A friend asked me this question: Is baking sattvic? I know we cannot use egg, but, is baking in general a sattvic activity?
Thank you for sending this question to me. The short answer to this question: it depends. Sattvic diet did not design baking as an activity because of a lifestyle choice. Sattvic food was made fresh and consumed within a few hours or at least by the end of the day. In sattvic cooking, most of the food, including #vegetables, are cooked and consumed right away. Rice, a staple food in the sattvic menu, does not keep well over a long time. It becomes spoiled and smells horrible. To overcome this limitation, various forms of rice- puffed rice, flat rice, and powdered rice became available. Several rice forms are portable, and we can prepare them instantly when we are traveling. #Wheat, on the other hand, can be made for travel. Roti’s can keep up to 2 days when wrapped in cloth. Forms of wheat such as suji (cream of wheat, farina) and cracked wheat.
Fermentation is another process to prepare rice and wheat. #Rice or wheat is soaked for a few hours until the starch absorbs the water and the grains expand. Depending on the degree of processing of the rice, it can take a few hours or requires overnight soaking. We prepare a liquid dough with softened rice by blending with water and salt. After blending, we mix it with clean hands ensures the transfer of microbes from the air and hands. This mixing helps in open #fermentation on the #kitchen counter, allowing natural bacteria to act on the starch and proteins. The result of the #microbial activity causes the mixture to increase or rise by the presence of air pockets. Watch this video on how to make idli and dosa to get a better idea of this process.
Rice is usually fermented with lentils, providing a combination of protein and carbohydrates. Fermented rice is easily digestible and replenishes the microbial ecosystem in the gut. Fermented rice products are portable for up to 3 days without refrigeration in hot climates, more extended in colder climates. Although foods can keep for up to three days, all attempts to
However, it is not sattvic to eat foods that have been prepared for longer than 12 hours.
The general lifespan, #expiry period, of cooked sattvic #food, is between sunrise and sunset, or end of the day. Most sattvic kitchen’s cook little food, simple food, and do not store any cooked food in the fridge. In many sattvic kitchens, leftover rice (plain cooked rice without any seasoning) is immediately soaked in water to imitate the fermentation process.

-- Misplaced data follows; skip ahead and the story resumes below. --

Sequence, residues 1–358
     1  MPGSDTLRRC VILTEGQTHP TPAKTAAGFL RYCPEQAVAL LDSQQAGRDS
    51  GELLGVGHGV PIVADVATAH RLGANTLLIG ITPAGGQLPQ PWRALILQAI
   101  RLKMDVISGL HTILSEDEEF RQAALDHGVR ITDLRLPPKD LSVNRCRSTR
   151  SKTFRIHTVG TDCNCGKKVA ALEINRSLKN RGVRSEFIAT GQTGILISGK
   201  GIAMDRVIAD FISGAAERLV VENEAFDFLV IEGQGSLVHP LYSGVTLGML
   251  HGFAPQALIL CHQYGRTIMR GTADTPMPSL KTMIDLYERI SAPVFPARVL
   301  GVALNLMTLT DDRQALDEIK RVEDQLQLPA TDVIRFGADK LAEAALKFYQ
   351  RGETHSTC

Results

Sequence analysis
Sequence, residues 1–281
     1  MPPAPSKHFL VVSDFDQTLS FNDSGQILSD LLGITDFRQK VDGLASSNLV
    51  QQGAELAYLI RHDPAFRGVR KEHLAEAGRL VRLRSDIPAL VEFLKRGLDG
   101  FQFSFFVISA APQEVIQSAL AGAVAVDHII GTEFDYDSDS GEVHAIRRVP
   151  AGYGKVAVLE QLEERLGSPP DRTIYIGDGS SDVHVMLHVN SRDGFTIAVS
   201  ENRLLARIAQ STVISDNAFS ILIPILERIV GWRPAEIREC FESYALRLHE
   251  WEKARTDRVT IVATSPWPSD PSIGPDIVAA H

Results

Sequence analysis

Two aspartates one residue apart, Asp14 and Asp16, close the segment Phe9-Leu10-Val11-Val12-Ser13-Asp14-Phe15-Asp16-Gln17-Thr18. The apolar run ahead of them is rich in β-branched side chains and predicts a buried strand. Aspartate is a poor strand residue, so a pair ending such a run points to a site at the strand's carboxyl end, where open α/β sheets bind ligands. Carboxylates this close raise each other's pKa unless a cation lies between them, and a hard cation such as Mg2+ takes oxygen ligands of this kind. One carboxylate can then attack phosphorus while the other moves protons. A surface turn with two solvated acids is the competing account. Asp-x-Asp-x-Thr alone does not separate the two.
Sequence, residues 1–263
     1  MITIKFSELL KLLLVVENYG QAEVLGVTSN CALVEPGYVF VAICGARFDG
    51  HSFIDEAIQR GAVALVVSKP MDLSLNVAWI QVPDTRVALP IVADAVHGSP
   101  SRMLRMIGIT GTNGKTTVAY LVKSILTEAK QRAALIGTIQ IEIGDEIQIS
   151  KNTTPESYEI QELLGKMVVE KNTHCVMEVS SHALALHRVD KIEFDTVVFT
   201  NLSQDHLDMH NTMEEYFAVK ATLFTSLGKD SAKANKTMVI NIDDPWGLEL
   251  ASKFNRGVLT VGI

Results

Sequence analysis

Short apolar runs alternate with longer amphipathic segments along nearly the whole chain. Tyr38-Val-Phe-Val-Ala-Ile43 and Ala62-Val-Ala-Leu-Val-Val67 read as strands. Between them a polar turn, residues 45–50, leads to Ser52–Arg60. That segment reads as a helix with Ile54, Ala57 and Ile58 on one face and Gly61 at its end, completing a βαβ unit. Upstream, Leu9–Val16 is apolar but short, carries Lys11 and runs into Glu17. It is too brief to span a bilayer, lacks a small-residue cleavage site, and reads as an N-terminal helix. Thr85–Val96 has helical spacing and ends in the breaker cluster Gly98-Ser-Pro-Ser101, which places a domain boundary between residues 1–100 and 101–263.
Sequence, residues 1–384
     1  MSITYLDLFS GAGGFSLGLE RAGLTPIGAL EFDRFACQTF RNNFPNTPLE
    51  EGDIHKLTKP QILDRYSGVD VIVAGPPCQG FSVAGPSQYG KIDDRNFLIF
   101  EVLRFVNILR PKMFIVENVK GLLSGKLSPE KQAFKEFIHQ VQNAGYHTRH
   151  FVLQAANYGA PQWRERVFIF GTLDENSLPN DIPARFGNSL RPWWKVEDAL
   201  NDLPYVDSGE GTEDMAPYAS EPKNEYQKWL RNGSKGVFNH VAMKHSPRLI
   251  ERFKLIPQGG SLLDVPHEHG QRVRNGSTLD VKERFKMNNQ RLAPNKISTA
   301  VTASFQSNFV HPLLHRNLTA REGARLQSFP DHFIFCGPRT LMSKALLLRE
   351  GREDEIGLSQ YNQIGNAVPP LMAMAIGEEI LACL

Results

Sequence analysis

Long term storage and portability of prepared food were available through other processes such as deep frying or cooking over hot coals. These processes, in a rice-based food system, did not require prolonged fermentation. Much of rice recipes can be prepared on stove tops and do not require special equipment such as #ovens.
Unlike wheat, which has a large amount of gluten, rice is low on gluten. During the fermentation of wheat, #gluten traps the gas bubbles produced by the action of yeast. It also removes moisture during baking. Thus, processing wheat for long term #storage requires yeast for fermentation. It is even tougher for the stomach to digest foods that are low on moisture and fiber.
The sattvic diet avoids all forms of fungus, including yeast, due to their signature imprint on our muscle memory. It is in our #muscle #memory that pain, and suffering get recorded. When people begin to adopt a vegetarian diet, one of the first experiences they report is the relief from the body or joint pains. The accumulation of metabolic toxins causes body pain.
What does all this mean for sattvic baking? Baking can become a sattvic activity if we guarantee to maintain some conditions:
- Not cook at excessively high temperatures [keep ~ 350-degree Fahrenheit/~180-degree Celsius as the maximum temperature]
- Ensure we include agents that can hold moisture at elevated temperatures [such as apple sauce, yogurt]
- Raise the dough without using yeast [using yogurt, baking powder, baking soda, lime juice]
Make small batches and eat fresh.
Here are some sattvic baking recipes you can try:
We will be adding more recipes over time. If you have any favorite recipes that you would like us to makeover into the sattvic method, please send it to us.